And I have no idea how to deal with this promotional news, so here’s the press release, per The Open Press‘s Tanner Friedman—let’s just assume that the Wings will be involved in an in-person basis, so I’d prefer to stray toward downright daffy for the sake of advanced notice:
Metro Detroiters to Make History August 20 with World Record-Breaking Dodgeball Game in Detroit
The sponsors and founders of “Dodgeball in the D” invite Metro Detroiters of all ages, ethnicities and zip codes to come together to positively showcase Detroit by participating in a world record-breaking dodgeball game. Presented by the Dodge brand, organizers expect “Dodgeball in the D” and surrounding family festival activities to draw more than 5,000 people to historic Belle Isle Park in Detroit on Saturday, August 20, 2011.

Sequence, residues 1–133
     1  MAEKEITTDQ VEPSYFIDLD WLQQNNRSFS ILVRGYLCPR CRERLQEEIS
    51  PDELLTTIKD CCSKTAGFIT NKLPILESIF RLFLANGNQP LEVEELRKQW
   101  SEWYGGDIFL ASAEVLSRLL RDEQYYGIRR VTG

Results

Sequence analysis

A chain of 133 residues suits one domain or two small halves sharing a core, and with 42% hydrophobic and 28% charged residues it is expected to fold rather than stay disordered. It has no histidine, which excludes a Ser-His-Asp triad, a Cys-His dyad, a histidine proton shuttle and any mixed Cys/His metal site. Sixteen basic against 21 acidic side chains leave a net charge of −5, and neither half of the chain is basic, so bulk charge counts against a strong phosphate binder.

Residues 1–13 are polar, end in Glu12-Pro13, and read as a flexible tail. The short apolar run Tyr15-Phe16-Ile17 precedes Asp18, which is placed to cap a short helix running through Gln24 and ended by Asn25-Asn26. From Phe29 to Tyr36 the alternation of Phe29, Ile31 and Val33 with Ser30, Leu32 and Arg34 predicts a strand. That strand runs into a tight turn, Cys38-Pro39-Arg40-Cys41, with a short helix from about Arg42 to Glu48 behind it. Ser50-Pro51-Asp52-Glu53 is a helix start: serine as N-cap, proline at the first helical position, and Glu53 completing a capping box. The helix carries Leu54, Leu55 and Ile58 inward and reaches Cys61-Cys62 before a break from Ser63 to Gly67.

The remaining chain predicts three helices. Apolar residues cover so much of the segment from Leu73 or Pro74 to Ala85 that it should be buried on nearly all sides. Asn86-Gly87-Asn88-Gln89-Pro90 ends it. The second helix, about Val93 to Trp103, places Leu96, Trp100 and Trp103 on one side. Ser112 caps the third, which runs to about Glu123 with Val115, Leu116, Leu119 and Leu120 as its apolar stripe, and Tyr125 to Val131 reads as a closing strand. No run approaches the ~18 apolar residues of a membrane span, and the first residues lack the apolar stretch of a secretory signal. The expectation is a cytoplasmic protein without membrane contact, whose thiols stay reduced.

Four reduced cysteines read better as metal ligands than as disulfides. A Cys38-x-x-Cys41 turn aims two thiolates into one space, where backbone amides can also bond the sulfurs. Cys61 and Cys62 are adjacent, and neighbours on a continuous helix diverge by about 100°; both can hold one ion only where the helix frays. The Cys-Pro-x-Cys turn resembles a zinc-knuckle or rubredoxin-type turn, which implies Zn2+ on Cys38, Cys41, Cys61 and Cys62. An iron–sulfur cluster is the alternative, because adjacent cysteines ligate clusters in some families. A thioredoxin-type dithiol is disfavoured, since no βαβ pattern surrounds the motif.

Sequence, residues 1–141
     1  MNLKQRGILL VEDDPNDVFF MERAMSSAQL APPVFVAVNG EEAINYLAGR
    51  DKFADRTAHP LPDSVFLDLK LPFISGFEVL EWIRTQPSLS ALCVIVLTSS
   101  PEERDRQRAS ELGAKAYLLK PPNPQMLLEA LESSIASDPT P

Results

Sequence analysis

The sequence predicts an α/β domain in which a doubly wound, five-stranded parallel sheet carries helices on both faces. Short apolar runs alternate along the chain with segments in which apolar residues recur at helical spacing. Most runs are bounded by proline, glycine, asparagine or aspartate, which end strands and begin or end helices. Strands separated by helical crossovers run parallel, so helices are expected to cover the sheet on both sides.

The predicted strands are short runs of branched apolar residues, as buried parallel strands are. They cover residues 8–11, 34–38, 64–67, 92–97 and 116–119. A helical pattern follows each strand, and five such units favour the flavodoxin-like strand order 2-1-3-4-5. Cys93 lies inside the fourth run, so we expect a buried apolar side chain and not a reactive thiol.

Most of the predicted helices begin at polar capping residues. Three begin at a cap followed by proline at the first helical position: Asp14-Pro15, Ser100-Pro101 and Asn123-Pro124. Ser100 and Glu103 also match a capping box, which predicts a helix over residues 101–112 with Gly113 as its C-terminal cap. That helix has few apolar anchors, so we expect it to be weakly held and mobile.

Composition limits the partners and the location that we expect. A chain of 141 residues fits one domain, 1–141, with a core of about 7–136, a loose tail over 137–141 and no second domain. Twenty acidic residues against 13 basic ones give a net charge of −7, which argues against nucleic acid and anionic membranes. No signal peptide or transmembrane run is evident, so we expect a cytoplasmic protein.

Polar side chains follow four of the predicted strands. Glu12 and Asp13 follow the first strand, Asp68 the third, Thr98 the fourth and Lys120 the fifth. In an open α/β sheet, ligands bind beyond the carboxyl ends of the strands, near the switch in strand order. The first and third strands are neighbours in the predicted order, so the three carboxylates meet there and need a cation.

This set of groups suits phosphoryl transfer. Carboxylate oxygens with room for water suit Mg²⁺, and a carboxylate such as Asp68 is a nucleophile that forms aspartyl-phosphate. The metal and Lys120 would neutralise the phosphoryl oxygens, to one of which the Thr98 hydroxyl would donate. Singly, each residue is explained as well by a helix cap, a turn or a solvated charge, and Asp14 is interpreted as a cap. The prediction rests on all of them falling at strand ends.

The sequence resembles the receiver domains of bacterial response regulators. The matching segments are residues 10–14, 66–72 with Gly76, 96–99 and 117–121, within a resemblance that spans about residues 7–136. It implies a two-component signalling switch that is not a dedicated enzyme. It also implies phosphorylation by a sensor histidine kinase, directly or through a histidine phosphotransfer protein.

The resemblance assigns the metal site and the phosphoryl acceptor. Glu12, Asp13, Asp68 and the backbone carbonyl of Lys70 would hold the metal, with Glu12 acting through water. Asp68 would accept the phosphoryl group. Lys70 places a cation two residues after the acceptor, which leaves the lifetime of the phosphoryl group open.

The dodgeball game begins at 1 p.m. on Belle Isle with other family-friendly activities running from 10 a.m. to 3 p.m. Admission to all “Dodgeball in the D” events is free and includes giveaways and food samples from sponsors, while supplies last. Those wishing to participate in the world record-breaking game itself must register in advance at http://www.DodgeballintheD.com. Additional volunteers and sponsors are still needed. Information on these opportunities also is available at http://www.DodgeballintheD.com.
“‘Dodgeball in the D’ is a once-in-a-lifetime chance to be part of history and do something great for Detroit,” said Justin Jacobs, 28, who created “Dodgeball in the D” with fellow Detroiter Marlowe Stoudamire, 34. “‘Locally, we know Detroit is a great place to live, work, and play, but across the country, not enough people are aware of the opportunities Detroit has to offer, socially and professionally.”